https://doi.org/10.1371/journal.pone.0121253.t001

Remarkably, in the ATP9B gene, a heterozygous SNP rs138177421 was detected in all 3 affected, but not in the 2 non affected family members. This SNP is highly conserved and infrequent in populations e.g. 1000genome project frequency 0.0009 (see Table 2). Although little is known about ATP9B, it has recently been identified as a class 2 P4-ATPase, a putative phospholipid flippase translocating phospholipids to the cytoplasm, that localizes to the trans- Golgi network [9]. This type of ATPase is involved in transport vesicle formation and cell polarity by pumping an unknown ion [9]. These alterations in cell polarity might add on to the compromised hSPCA1 function in HHD during Golgi stress. Golgi- and ER- stress have been discussed as being involved in desmosomal processing [8]. Indeed, desmosomal proteins are in particular susceptible to cleavage during apoptosis. Thus, altered cell polarity due to a mutation in ATP9B may further challenge the Golgi stress response towards apoptosis resulting in acantholysis.

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Table 2. Conservation scores and frequencies of SNPs in ATPase genes found in a Greek Family with atypical Hailey Hailey disease.

https://doi.org/10.1371/journal.pone.0121253.t002

Furthermore, we identified a second SNP in ATP13A5 being unique for the affected family members. ATP13A5 SNP 2 rs2280268 showed a heterozygous state in all affected individuals studied. In contrast, the 2 non-affected family members displayed a homozygous mutation C→T distinct from the reference genome. Further SNPs in the ATP13A5 gene were present in the unaffected family members as well (ATP13A5 SNP 1 and 4) or not present in all of the affected family members (ATP13A5 SNP 3) (Table 1). Since these SNPs are common and conserved in the general population (Table 2), only an accumulation of SNPs in this particular gene may contribute to disease susceptibility in HHD. ATP13A5 belongs to the group of P5-ATPases of which the substrate specificity is unknown. However, recent work suggests that these enzymes affect the intracellular level of different cations, as they localize to vacuolar/lysosomal or apical membranes [10]. In ATP11A, a SNP was confirmed by Sanger sequencing in all samples tested except for one affected family member analyzed (Table1) and a homozygous SNP of the ATP2B3 gene occurred in one affected family member and his skin. These results fit the understanding of HHD as a disease in which the loss of function mutation in ATP2C1 on its own is not sufficient to cause the HHD symptoms[11]. The phenotype is strongly influenced by genetic modifiers and environmental triggers[11]. With the identification of ATP9B and ATP13A5 SNP2 we provide two possible novel genetic modifiers in the orchestra of ionic balance in the Golgi apparatus and hSPCA1.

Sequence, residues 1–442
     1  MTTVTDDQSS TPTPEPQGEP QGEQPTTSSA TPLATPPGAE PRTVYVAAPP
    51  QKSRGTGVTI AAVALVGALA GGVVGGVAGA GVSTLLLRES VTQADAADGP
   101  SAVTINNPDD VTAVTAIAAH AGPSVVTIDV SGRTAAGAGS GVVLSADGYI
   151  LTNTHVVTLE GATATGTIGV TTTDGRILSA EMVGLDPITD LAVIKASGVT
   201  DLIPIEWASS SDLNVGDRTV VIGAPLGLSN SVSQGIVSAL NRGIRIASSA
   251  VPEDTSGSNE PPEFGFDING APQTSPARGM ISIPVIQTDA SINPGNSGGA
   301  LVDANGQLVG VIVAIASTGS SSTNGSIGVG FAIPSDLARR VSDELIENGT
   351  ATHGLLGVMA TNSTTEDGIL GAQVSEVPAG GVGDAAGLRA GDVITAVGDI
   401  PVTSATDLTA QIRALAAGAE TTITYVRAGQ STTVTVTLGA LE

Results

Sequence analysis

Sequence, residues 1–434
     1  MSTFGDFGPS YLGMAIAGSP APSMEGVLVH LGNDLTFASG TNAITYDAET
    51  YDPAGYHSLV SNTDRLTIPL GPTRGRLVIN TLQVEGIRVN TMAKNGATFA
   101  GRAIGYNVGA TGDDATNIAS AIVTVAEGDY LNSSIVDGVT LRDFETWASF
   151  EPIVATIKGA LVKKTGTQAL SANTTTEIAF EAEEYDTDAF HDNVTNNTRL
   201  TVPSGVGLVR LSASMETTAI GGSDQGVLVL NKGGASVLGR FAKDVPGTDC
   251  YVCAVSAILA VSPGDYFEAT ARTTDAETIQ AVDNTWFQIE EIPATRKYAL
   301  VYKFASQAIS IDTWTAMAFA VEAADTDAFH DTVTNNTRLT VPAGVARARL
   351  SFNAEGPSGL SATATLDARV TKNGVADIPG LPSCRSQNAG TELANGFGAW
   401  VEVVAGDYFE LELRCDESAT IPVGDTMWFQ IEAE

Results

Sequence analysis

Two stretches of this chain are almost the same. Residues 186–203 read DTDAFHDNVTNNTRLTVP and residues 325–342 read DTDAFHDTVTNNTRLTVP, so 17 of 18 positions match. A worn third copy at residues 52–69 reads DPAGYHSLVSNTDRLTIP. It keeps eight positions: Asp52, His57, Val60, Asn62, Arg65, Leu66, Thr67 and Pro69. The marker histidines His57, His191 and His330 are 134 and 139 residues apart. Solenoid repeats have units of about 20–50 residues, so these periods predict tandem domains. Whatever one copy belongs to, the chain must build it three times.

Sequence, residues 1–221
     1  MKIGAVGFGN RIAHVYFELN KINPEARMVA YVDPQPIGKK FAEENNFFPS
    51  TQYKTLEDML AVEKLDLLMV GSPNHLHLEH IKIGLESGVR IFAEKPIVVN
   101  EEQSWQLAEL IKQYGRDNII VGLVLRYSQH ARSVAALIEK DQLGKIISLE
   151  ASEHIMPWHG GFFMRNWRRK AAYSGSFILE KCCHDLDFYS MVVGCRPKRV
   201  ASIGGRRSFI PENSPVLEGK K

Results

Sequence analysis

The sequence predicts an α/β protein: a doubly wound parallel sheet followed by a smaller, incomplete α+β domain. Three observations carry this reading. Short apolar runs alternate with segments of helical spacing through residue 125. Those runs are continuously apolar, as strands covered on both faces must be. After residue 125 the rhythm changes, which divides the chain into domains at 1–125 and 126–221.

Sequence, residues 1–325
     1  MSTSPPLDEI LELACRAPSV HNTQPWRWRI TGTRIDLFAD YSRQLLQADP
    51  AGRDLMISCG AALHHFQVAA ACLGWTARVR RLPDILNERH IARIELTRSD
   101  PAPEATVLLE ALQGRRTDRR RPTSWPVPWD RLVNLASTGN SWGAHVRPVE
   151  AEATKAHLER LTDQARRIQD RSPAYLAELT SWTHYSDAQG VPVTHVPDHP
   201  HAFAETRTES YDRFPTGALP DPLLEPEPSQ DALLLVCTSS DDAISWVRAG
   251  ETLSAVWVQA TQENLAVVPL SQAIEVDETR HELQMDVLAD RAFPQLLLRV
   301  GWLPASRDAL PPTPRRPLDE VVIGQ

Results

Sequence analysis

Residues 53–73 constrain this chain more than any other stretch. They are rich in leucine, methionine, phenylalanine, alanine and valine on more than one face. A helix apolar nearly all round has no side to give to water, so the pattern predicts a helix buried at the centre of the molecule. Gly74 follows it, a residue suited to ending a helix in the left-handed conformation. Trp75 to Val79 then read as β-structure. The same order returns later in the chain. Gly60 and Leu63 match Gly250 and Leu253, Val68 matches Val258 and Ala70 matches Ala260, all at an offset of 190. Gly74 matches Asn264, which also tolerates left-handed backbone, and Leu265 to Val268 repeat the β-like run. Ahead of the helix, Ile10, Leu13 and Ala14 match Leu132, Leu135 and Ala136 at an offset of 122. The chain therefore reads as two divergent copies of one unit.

Conclusion

Taken together although the level of functional hSPCA1 protein in epidermal cells seems critical [6], levels of other ATPase proteins may influence expressivity of Hailey-Hailey disease. Additionally affected ATPase genes might also contribute, as possibly in this case, to the atypical presentation of the disease. Effects of these mutations could further add on Golgi stress and ionic imbalance, thus might be leaving the skin in affected individuals more vulnerable to environmental triggers than in those patients only carrying an ATP2C1 mutation. Elucidating ATPase SNP frequencies in diseased patients as well as their role in the pathogenesis of HHD and their functional effects requires further population-based studies and functional investigations in the future.

Supporting Information

S1 Table. Location, genomic and protein effect of predicted SNPs by NGS and primers for validation by Sanger sequenzing.

PCR conditions: 10μl HF buffer, 1μl dNTPs, 0.5μl phusion polymerase; all Phusion High fidelity Kit; 2.5μl forward and reverse primer (BiomersGmbH, Ulm, Germany), 100ng sample DNA and nuclease free water adding up to a final volume of 50μl; 98°C 1 min, 32 cycles of 98°C 5 sec/ 68°C 20 sec / 72°C 25 sec, 72°C 10 min. Nonsyn. SNV = nonsynonymous single nucleotide variant.

https://doi.org/10.1371/journal.pone.0121253.s001

(DOCX)

Author Contributions

Conceived and designed the experiments: SI NvB. Performed the experiments: SI NvB MF. Analyzed the data: SI NvB SL YG AR SM. Contributed reagents/materials/analysis tools: AP. Wrote the paper: SI NvB DZ ES AP.